North Korea's new leader Kim Jong-Un has delivered his first ever televised public speech during a major military parade to mark the centenary of the birth of his grandfather, state TV showed Sunday.
"I offer the purest respect and the greatest honour to great comrades Kim Il-Sung and Kim Jong-Il," he told cheering crowds, referring to his late grandfather and deceased father.
Jong-Un, clad in black Mao suit, delivered the speech from the viewing stand looking over tens of thousands of troops taking part in the massive military parade in the capital Pyongyang.
"I express my greetings to our compatriots in South Korea and across the world who dedicate themselves to reunification and the prosperity of the nations," he said in a youthful voice, rarely looking up from his text.
"Let's go on for our final victory!" he said, pointing his finger ahead to cheering troops who repeatedly chanted "Mansei! (long life)"
Soldiers on a military truck take part in a military parade to celebrate the centenary of the birth of North Korea's founder Kim Il-sung in Pyongyang April 15, 2012. Reuters
A rocket is carried by a military vehicle during a military parade to celebrate the centenary of the birth of North Korea's founder Kim Il-sung in Pyongyang April 15, 2012. Reuters
"We have just heard for the first time his friendly and benevolent voice in his first-ever historic speech in front of the people," a male TV commentator said of Kim's 20-minute-long speech.
"We will follow him wherever his friendly voice is heard," he said. "We will boast to the world the great might of Kim Il-Sung Korea under the respected comrade Kim Jong-Un's leadership!"
"Envy us, the world, the rare blessing given to our people and the military!"
Jong-Un, smiling and chatting with military leaders in white uniforms, waved and saluted throughout the parade from a viewing stand decorated with giant portraits of Kim Il-Sung and Kim Jong-Il.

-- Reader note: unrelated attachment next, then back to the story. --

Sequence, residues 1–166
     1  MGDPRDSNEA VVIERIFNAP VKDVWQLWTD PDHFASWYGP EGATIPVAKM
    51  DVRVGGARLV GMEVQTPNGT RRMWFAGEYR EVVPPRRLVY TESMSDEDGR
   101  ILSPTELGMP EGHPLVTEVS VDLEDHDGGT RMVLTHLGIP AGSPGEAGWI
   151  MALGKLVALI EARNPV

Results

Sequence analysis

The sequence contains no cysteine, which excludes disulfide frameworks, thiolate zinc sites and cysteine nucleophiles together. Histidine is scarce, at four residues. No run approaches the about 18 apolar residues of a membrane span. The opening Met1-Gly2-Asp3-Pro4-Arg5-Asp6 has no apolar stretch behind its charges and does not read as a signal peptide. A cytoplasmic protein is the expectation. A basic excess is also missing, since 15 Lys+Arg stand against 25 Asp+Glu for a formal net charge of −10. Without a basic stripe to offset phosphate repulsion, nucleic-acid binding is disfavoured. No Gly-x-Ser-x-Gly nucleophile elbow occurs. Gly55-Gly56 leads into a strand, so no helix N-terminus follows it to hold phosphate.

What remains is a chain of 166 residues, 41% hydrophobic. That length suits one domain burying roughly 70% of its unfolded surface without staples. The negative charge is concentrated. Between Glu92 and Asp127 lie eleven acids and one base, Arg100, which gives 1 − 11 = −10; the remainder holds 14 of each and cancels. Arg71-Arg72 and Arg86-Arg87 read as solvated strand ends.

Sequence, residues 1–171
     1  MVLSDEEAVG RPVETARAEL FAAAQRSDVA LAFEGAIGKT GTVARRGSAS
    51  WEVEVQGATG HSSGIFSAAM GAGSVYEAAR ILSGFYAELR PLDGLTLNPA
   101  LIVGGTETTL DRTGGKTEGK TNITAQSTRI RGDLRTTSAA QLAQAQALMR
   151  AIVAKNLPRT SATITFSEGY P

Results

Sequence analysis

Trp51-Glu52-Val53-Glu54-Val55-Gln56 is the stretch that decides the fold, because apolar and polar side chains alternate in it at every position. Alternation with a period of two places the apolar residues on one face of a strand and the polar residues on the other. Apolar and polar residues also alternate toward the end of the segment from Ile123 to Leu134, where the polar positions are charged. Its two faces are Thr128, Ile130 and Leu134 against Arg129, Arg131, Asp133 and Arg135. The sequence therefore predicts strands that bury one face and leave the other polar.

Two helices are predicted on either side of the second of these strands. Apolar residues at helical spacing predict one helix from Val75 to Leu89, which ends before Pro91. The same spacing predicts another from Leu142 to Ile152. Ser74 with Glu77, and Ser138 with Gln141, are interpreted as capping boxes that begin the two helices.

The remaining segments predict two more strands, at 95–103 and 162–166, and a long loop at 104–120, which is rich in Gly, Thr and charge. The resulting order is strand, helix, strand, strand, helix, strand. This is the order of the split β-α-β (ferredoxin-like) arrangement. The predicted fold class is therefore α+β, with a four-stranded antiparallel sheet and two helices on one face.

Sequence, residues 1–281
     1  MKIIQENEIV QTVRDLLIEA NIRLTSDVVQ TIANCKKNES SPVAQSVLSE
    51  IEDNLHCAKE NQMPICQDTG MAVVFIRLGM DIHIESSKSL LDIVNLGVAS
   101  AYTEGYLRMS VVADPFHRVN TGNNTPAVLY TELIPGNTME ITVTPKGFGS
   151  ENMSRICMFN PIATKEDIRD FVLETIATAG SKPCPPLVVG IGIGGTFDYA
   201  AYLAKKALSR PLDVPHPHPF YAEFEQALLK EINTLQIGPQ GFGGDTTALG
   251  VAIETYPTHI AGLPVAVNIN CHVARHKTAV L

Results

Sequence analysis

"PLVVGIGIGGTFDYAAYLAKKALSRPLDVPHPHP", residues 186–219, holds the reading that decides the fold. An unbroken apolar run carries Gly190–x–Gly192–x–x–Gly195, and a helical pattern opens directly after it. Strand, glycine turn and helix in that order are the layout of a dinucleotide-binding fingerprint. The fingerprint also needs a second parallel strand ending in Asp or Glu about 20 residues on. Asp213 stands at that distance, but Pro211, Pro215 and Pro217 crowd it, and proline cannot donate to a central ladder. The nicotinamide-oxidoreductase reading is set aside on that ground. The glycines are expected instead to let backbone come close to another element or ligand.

A wide array of weapons rolled in to the square, including tanks, multiple rocket launchers and various missiles on heavy trailers.
Five fighter jets, trailing plumes of coloured smoke, flew over.
A sea of people using red, yellow and white paper flowers formed giant displays of the names of the Kims, the national and communist party flags and slogans such as "Glory" and "Undefeatable army."
Crowds clapped and chanted Jong-Un's name and "Mansei!," wrapping up the parade that lasted more than two hours.
Kim Il-Sung died in 1994 after bequeathing power to his son Kim Jong-Il. Current leader Kim Jong-Un was thrust into the top post unexpectedly early when his own father Jong-Il died of a heart attack in December last year.
Jong-Un has since been cementing his grip on power with a series of official titles previously held by his father being conferred on him.
Kim Il-Sung, who founded the communist state in 1948 and plunged it into war with the South two years later, remains the subject of an all-pervasive personality cult which also embraces his late son and his grandson.
He remains "eternal president" from inside Kumsusan Memorial Palace, where his embalmed body lies encased in glass.
His portraits abound in the showpiece capital, where residence is restricted to those seen as most loyal to the regime.
For nearly two months, according to foreign residents, thousands of workers have been busy cleaning, repairing, painting and planting to give the city a facelift for Sunday's celebrations.
Foreign journalists have been granted visas in unusually large numbers for the centenary.
Giant balloons, painted with the national flag and the communist party flags, were floating over the square, with a slogan hung from a balloon reading "Let's unite in one mind!"
Ahead of the anniversary, rehearsals saw thousands of young boys and girls gathering every day until evening this month on Kim Il-Sung Square -- which can accommodate 100,000 people -- preparing their movements and dances.